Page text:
PBS Newshour: A broadcast interview is a poor reflection of a rich story on Newshour's website
Last night, PBS Newshour ran a tepid interview by Judy Woodruff with a scientist who is an expert on the street drugs known as bath salts. The scientist, Louis De Felice of Virginia Commonwealth University, was earnest and informed, but plainly uncomfortable on television. The interview ran for just under six minutes, but it felt longer. It dragged. At the end of it, viewers would have understood that this is an unusual and dangerous drug--and not much more. The experience was like watching a filmed version of a Wikipedia article--interesting, but not urgent or newsy.
The broadcast segment contrasts starkly with the strong and moving oneline story it was based on. Newshour's Jenny Marder wrote an almost 5,000-word piece that led with the tragic death of a 21-year-old bicycle motocross racer who snorted a powder he'd bought from a friend, which triggered waves of terror and delusions, leading him first to try to slit his throat, and, later, after being released from the hospital with stitches in his throat, to commit suicide with a .22 rifle he'd won in a shooting contest as a boy.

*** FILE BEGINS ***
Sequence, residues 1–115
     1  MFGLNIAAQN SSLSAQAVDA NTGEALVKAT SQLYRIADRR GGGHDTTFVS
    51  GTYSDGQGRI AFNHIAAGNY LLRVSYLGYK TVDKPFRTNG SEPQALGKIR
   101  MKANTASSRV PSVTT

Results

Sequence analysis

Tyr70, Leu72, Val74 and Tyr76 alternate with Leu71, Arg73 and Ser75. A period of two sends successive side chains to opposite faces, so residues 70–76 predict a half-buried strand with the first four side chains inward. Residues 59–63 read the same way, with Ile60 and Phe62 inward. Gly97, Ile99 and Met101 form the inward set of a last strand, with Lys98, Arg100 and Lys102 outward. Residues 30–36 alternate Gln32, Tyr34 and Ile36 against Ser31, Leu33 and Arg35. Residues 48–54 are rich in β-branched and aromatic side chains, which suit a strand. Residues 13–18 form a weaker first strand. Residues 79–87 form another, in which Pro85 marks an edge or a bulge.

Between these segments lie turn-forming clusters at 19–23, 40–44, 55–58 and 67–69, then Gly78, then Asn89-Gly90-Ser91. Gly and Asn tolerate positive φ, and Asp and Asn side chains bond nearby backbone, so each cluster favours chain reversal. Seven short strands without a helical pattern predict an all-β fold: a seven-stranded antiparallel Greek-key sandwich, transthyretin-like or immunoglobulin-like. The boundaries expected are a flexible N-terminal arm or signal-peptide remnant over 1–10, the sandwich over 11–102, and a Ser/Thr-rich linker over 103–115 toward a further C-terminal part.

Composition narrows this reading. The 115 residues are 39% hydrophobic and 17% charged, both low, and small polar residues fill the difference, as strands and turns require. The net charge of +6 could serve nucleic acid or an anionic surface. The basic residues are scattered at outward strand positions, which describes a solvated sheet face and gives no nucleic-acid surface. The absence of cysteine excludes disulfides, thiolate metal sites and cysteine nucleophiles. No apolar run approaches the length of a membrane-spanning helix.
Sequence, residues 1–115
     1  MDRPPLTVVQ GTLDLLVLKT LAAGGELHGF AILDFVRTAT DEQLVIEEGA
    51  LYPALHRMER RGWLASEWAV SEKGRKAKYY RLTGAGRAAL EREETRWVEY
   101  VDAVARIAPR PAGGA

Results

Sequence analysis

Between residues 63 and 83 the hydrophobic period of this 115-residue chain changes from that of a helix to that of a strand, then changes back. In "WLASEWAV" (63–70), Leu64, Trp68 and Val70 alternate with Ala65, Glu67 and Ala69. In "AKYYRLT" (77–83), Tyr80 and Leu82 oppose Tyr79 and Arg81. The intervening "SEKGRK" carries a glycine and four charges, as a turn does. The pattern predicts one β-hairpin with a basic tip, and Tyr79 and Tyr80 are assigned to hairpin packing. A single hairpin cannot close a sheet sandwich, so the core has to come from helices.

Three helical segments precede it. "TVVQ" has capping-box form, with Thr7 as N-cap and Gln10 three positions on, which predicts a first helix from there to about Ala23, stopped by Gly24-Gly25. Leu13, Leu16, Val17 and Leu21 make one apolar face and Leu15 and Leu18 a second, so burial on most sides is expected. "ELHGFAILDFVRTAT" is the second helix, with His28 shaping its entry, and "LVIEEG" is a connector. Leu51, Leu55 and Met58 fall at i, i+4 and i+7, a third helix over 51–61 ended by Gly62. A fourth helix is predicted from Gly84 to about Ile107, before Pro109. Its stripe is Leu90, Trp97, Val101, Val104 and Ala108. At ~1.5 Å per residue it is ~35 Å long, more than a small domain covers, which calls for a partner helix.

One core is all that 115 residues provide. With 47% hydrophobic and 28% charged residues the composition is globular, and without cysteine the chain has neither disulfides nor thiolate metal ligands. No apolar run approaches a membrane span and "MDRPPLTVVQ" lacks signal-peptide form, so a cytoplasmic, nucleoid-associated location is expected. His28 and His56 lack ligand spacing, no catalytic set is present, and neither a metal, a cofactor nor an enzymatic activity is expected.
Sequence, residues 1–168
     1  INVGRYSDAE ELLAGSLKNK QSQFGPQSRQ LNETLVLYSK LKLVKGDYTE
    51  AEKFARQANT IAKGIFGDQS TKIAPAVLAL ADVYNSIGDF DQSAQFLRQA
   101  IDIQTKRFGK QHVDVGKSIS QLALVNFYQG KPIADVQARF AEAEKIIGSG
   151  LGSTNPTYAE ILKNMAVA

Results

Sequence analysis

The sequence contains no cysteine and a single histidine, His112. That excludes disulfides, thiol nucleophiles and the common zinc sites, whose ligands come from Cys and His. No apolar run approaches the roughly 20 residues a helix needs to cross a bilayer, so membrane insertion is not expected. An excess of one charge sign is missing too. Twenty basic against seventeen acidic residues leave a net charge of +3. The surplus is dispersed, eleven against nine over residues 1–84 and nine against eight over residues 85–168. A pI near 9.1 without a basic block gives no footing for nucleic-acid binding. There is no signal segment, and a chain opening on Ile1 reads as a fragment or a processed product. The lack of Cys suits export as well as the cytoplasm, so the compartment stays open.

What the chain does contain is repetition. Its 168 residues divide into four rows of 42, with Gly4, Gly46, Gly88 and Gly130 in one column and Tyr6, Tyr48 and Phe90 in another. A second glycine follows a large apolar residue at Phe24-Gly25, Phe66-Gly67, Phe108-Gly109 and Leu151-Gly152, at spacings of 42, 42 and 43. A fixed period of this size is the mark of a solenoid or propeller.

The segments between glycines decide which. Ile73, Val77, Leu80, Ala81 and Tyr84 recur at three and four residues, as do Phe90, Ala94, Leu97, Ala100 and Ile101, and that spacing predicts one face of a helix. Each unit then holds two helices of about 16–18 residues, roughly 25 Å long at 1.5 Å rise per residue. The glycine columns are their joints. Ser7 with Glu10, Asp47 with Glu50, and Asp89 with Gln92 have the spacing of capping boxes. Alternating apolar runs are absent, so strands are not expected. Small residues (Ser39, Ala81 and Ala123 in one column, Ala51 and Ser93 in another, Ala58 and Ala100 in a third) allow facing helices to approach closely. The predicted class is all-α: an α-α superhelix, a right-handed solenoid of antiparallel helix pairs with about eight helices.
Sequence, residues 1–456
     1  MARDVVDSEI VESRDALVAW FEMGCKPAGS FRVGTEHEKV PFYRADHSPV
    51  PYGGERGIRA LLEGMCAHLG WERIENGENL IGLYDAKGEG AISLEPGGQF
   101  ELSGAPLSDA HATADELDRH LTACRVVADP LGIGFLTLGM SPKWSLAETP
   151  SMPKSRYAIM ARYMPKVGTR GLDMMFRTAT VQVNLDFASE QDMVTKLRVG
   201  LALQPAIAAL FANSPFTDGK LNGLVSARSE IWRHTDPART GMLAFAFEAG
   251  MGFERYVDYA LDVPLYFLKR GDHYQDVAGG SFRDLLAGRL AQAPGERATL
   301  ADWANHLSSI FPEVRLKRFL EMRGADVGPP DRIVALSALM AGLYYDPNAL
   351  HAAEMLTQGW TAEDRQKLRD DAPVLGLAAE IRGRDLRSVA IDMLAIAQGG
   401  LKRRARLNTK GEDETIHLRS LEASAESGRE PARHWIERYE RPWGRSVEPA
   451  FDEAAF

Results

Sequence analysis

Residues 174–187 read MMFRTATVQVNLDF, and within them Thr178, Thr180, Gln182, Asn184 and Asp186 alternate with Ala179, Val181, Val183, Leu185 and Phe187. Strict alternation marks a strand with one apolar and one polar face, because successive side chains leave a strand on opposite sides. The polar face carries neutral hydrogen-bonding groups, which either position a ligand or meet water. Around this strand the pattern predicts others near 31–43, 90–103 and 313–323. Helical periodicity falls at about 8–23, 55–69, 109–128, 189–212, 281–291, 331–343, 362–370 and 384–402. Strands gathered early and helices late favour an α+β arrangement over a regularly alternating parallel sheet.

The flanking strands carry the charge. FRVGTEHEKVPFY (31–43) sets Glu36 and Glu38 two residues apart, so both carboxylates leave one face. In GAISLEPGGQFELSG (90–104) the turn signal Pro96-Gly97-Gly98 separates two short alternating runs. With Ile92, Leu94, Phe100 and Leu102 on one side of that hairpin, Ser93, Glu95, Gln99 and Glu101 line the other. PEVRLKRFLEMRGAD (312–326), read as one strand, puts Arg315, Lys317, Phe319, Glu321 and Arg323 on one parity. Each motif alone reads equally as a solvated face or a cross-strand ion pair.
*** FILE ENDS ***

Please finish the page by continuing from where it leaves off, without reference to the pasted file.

Marder goes on to interview and profile De Felice, who emerges as a far more complex, sympathetic, and interesting character in the story than he did in the Woodruff interview. Marder writes:
When he was 10, De Felice's family moved from New Jersey to Florida, and he hated it. He couldn't get used to the weather, the slatted windows, and the flamingos. But a friend suggested he might overcome his aversion if he'd stop fighting his new reality and embrace Florida -- if he'd move toward the flamingo, instead of away from it. De Felice heeded the advice, both literally and figuratively. Now, in his office where he researches the science of illicit drugs, he is surrounded by the birds: wooden, stuffed and glass.
She talks to him about his research on bath salts, telling us so much more than Woodruff even hinted at in her rote interview. Woodruff began her interview with, "And we turn to a story we posted online earlier today." That's all she says, until the very end, when she concludes by saying, "Read the extensive story by our reporter Jenny Marder," and then describes it in one sentence.
Marder deserved better than this, and, more importantly, so did Newshour's viewers. Might Woodruff have interviewed Marder? Or perhaps a member of the bicycle rider's family, along with Marder and De Felice? Five minutes is a long time, and Woodruff and Newshour could have done a much better job in that segment summarizing the fascinating story on their website.
The Woodruff interview, which presumably reached far more people, was a poor alternative to Marder's story on the web.